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Celebrating the Life

[Longhorn Review] Rumble Fish

Material Type: All, Books — Posted on May 2, 2011, 3:34 pm

By: S.E. Hinton

Two Tough and Thoughtful Guppies

Review on Rumble Fish novel by S.E. Hinton

Rumble Fish was the third book written by S.E. Hinton, a female author known for
adopting a male perspective in most of her novels and short stories starring violent
and troubled teenagers. In Rumble Fish she introduces us to Rusty-James, a violent
fifteen year old, boy hung up on trying to bring back the gangs and “rumbles,”
literally fighting his way through each day. Because of parental neglect, poverty,
and violence Rusty-James finds himself clinging to the memory of the gangs in the
past, trying to reach the notoriety his famous brother, The Motorcycle Boy, had
obtained in the city. Both brothers are curious specimens of isolation products of
their social environment. Rusty-James is a young man trying to belong and The
Motorcycle Boy is a young man who does not want to belong.

The use of symbols is
evident throughout the book to develop these two complex characters and their
attitudes toward their world. The Motorcycle Boy is partially deaf and colorblind
due to the accidents he suffers on his various escapes on stolen motorcycles. This
deaf and colorblindness keeps him from seeing the colorful lights of the parties and
nightlife that Rusty-James is so attracted. His deafness also keeps him from hearing
Rusty-James’s comments on the things he does not see or hear because of his
condition. The motorcycle is The Motorcycle Boy’s escape and freedom from the slump
he lives in. He steals them and leaves days in a row but always has to come back for
reasons which the reader is left to assume, his love for his brother or the lack of
money to leave long enough. Rusty-James always alludes to the color of his hair and
eyes that is very unique to him and his brother, however, the essence of The
Motorcycle Boy reflected in the way he “sees through” people contorts his face, and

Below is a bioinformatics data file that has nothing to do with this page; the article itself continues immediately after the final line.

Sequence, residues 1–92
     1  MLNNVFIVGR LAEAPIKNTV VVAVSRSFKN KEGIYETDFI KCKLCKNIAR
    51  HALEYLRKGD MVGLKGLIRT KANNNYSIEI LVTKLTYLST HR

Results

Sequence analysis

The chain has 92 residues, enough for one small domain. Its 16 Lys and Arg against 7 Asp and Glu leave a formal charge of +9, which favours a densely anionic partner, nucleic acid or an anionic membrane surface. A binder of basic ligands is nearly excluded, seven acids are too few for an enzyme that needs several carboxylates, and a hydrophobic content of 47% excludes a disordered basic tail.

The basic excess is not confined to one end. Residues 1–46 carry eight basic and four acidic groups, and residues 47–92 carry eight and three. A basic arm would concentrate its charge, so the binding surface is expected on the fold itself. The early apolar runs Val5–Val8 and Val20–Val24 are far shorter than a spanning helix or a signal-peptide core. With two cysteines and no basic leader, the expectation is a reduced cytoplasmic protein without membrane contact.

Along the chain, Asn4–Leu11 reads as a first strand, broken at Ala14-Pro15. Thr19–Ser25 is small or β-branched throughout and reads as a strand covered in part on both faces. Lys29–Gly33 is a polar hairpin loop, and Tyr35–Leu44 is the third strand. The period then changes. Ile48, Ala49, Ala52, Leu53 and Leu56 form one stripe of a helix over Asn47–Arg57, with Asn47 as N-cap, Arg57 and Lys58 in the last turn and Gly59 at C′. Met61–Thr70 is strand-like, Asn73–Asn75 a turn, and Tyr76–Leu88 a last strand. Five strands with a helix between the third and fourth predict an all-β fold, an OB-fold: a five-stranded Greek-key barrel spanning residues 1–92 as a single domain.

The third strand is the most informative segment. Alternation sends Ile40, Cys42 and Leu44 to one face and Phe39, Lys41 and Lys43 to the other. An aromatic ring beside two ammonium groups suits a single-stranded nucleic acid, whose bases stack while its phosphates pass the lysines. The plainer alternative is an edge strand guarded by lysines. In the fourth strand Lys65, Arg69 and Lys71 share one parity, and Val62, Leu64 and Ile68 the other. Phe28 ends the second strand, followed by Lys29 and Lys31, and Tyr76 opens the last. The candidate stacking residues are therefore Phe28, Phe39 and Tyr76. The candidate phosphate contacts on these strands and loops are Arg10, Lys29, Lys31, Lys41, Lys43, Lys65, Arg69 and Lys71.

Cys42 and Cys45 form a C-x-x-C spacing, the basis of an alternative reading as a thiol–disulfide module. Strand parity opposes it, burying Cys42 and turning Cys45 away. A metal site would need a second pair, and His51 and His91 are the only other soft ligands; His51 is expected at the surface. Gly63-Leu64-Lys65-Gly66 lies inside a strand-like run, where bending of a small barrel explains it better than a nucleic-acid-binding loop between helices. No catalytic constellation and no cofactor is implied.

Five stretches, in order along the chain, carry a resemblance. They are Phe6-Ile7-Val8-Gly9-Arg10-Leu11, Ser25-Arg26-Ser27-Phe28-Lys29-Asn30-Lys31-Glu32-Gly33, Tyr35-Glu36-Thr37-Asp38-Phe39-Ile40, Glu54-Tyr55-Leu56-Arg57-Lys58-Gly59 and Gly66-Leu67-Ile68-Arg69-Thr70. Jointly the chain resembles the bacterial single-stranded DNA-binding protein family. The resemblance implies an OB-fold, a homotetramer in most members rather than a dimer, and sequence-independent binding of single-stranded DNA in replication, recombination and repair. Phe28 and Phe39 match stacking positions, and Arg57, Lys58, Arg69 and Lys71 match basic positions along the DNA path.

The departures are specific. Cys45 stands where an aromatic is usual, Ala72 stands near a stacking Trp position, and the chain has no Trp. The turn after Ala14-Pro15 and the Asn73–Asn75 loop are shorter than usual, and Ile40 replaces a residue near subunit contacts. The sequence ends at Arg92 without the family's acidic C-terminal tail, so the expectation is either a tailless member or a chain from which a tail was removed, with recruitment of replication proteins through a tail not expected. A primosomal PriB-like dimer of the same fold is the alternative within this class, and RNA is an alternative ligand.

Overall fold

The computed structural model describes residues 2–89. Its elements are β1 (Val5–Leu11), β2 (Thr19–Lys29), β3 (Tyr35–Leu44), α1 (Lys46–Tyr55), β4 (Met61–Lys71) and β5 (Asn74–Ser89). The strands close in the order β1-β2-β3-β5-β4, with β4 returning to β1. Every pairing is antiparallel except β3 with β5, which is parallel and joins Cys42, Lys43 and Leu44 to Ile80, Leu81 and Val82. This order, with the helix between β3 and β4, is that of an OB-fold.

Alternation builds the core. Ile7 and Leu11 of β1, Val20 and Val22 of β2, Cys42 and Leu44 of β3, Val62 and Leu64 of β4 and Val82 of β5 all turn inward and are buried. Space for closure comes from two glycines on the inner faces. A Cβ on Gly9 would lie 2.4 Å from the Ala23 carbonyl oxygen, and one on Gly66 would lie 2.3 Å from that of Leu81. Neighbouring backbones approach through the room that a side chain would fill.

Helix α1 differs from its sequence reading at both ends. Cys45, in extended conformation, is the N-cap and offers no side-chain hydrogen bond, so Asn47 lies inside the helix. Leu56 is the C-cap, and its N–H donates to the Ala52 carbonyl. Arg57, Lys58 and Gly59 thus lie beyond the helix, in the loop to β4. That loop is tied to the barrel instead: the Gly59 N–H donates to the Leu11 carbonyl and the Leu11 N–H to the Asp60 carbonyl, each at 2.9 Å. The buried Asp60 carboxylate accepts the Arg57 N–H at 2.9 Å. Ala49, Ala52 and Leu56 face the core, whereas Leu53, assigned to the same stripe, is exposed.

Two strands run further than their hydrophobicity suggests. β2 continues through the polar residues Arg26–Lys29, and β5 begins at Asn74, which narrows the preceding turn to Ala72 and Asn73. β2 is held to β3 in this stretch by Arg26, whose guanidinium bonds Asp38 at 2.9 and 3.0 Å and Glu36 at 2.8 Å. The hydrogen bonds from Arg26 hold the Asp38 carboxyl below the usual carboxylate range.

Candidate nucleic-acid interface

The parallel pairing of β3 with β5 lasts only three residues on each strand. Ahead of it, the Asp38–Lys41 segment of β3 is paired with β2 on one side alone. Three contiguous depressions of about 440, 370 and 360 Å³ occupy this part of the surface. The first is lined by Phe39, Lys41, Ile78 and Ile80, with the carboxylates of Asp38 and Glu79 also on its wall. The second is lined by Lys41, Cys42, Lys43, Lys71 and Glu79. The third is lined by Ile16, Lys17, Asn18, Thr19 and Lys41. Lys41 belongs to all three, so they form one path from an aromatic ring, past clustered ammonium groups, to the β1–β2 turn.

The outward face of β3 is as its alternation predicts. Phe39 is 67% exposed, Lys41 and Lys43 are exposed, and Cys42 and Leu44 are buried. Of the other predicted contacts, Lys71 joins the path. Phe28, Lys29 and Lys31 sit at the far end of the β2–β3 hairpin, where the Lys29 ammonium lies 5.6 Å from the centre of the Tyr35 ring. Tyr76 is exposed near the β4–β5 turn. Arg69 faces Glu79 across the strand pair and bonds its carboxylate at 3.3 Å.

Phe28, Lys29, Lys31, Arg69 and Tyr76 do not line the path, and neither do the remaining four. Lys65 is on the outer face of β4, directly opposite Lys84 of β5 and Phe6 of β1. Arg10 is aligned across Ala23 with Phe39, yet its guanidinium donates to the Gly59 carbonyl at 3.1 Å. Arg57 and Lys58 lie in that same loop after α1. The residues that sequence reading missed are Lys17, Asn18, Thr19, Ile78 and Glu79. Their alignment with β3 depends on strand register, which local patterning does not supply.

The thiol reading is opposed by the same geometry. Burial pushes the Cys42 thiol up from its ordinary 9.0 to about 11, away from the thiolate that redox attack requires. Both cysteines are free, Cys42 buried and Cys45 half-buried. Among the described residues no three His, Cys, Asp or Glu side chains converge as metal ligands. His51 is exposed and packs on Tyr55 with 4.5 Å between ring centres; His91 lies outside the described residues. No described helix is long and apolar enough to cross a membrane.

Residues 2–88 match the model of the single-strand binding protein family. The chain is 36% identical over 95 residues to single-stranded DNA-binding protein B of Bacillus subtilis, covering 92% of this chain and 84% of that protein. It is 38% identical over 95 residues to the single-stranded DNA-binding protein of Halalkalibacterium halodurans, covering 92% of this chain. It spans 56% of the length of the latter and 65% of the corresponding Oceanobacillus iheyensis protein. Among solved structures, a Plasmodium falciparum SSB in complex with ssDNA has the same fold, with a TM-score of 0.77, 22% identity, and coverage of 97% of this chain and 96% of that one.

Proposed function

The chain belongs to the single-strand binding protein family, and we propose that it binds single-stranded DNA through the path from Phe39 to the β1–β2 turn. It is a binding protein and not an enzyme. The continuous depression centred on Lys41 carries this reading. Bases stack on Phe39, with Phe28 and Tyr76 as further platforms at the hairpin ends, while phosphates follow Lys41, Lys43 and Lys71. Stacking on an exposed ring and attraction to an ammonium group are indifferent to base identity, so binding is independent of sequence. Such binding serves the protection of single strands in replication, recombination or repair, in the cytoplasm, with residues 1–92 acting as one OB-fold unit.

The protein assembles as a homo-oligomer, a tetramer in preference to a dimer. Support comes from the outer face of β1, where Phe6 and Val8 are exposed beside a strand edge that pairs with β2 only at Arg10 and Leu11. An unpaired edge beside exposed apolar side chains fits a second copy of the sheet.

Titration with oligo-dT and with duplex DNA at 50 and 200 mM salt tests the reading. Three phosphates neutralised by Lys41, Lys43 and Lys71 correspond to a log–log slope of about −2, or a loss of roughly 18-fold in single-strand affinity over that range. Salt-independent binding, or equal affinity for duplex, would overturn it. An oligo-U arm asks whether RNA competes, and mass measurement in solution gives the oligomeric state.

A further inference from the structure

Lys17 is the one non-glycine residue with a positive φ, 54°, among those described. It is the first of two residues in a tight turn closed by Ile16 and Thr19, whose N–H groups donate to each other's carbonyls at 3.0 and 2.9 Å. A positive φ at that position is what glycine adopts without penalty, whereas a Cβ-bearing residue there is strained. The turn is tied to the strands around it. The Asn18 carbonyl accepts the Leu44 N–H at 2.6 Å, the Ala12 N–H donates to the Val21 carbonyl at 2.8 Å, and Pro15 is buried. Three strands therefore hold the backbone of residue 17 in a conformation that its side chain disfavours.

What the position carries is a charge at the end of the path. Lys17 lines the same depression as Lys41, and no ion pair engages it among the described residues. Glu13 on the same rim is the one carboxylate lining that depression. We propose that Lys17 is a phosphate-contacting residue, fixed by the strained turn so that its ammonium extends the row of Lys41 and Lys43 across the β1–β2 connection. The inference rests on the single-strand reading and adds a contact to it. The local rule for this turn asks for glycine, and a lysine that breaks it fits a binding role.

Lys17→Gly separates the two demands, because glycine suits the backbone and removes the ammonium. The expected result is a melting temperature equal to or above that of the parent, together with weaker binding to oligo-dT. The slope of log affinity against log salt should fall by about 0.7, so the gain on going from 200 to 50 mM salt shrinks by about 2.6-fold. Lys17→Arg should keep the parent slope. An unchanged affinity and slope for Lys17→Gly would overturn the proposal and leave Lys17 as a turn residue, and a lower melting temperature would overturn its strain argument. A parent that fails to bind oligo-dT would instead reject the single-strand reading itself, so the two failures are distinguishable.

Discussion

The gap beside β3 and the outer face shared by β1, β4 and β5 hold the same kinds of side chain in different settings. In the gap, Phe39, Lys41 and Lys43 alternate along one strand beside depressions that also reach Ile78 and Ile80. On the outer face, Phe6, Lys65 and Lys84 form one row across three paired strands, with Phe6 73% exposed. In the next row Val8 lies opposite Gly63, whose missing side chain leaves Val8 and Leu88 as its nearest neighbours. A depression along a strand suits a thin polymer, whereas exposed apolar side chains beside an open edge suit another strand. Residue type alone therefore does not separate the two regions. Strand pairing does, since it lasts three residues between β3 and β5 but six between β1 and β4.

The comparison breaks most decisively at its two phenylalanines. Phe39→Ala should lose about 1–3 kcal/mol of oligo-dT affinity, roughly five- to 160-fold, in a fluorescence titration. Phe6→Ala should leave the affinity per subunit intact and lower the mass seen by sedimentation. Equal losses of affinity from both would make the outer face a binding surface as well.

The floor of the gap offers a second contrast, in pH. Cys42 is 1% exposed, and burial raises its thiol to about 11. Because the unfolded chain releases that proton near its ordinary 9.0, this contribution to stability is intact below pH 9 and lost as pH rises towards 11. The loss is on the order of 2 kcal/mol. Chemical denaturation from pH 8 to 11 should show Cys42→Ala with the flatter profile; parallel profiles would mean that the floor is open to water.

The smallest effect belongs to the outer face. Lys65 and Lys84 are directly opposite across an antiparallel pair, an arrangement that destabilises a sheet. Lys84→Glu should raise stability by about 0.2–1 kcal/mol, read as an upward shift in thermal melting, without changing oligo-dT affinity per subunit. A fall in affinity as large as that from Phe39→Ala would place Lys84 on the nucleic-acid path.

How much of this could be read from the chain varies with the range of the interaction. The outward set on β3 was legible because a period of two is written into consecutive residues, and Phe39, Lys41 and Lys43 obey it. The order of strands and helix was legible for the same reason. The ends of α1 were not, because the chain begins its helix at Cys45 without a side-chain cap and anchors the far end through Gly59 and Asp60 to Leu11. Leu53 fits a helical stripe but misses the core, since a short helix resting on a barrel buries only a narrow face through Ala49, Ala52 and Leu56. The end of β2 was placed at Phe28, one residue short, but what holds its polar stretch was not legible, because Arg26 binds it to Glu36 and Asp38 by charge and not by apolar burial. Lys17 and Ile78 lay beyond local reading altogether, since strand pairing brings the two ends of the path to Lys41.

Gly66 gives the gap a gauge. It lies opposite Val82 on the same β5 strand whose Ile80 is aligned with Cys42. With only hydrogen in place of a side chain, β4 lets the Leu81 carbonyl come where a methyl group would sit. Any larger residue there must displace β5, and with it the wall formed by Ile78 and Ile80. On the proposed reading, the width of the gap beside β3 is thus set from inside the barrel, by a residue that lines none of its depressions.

attitude that their physical similarities undermines the larger difference in their
philosophy of life. Last but not least are the rumble fish kept in separate bowls.
“Siamese fighting fish. They try to kill each other. If you leaned a mirror against
the bowl they’d kill themselves fighting their own reflection.” The Siamese fighting
fish represent the individual fighting spirit of each boy that keeps them from
fitting into their society and finding a meaning in their life.

The theme and plot
in the story remind me of The Catcher in the Rye in which we are also presented with
an antihero, Holden Caulfield. In both stories the reader drifts through the days of
the main character witnessing the thoughtlessness of their actions and the
character’s suppression of the feelings and realizations that new experiences bring.
Contrary to the manner in which the characters express their seamlessly defiant and
unchanged views and manner toward life, the reader understands that there is a
change happening within the character that does not have to be addressed through
their thoughts or their dialogue, but rather is presented in a matter of fact yet
subtle manner. Both of these pieces leave the reader with an open ending that can
drive one insane with speculation of why anyone would float through life in such a
manner. Both of these works are wonderful short books, yet very insightful to the
meaning of life especially through their perspective on the years in which human
nature seems to drive one to recklessness. Rumble Fish is a great read and trying to
evaluate what propels one’s own life and actions and gives an insight to the lives
of those we might never understand, the cool kids who can’t live for the future due
to paranoia and instead see life as a rumble.

Reviewer: Sara Cabral

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